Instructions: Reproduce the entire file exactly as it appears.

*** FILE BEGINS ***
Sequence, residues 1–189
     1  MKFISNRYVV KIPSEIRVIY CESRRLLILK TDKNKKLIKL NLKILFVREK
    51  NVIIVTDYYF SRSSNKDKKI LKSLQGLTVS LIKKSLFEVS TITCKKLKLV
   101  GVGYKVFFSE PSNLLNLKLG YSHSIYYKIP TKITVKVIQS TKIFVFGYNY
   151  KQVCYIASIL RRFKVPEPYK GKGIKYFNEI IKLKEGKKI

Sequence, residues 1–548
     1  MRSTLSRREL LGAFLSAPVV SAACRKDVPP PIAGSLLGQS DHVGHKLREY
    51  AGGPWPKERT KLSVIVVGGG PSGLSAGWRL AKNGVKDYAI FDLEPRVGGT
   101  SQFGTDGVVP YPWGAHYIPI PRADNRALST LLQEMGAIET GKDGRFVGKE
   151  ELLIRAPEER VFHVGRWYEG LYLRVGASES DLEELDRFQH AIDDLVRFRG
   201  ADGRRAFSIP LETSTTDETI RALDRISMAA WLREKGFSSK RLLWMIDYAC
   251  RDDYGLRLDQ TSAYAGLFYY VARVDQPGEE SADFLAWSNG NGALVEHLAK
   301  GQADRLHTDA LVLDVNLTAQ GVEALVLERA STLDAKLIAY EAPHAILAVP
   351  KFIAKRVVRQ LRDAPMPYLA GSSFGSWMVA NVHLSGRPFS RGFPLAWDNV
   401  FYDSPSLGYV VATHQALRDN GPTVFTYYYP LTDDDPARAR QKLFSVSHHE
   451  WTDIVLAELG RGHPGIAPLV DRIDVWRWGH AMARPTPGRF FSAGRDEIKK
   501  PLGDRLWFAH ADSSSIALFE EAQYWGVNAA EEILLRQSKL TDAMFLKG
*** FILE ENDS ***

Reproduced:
Sequence, residues 1–189
     1  MKFISNRYVV KIPSEIRVIY CESRRLLILK TDKNKKLIKL NLKILFVREK
    51  NVIIVTDYYF SRSSNKDKKI LKSLQGLTVS LIKKSLFEVS TITCKKLKLV
   101  GVGYKVFFSE PSNLLNLKLG YSHSIYYKIP TKITVKVIQS TKIFVFGYNY
   151  KQVCYIASIL RRFKVPEPYK GKGIKYFNEI IKLKEGKKI

Sequence, residues 1–548
     1  MRSTLSRREL LGAFLSAPVV SAACRKDVPP PIAGSLLGQS DHVGHKLREY
    51  AGGPWPKERT KLSVIVVGGG PSGLSAGWRL AKNGVKDYAI FDLEPRVGGT
   101  SQFGTDGVVP YPWGAHYIPI PRADNRALST LLQEMGAIET GKDGRFVGKE
   151  ELLIRAPEER VFHVGRWYEG LYLRVGASES DLEELDRFQH AIDDLVRFRG
   201  ADGRRAFSIP LETSTTDETI RALDRISMAA WLREKGFSSK RLLWMIDYAC
   251  RDDYGLRLDQ TSAYAGLFYY VARVDQPGEE SADFLAWSNG NGALVEHLAK
   301  GQADRLHTDA LVLDVNLTAQ GVEALVLERA STLDAKLIAY EAPHAILAVP
   351  KFIAKRVVRQ LRDAPMPYLA GSSFGSWMVA NVHLSGRPFS RGFPLAWDNV
   401  FYDSPSLGYV VATHQALRDN GPTVFTYYYP LTDDDPARAR QKLFSVSHHE
   451  WTDIVLAELG RGHPGIAPLV DRIDVWRWGH AMARPTPGRF FSAGRDEIKK
   501  PLGDRLWFAH ADSSSIALFE EAQYWGVNAA EEILLRQSKL TDAMFLKG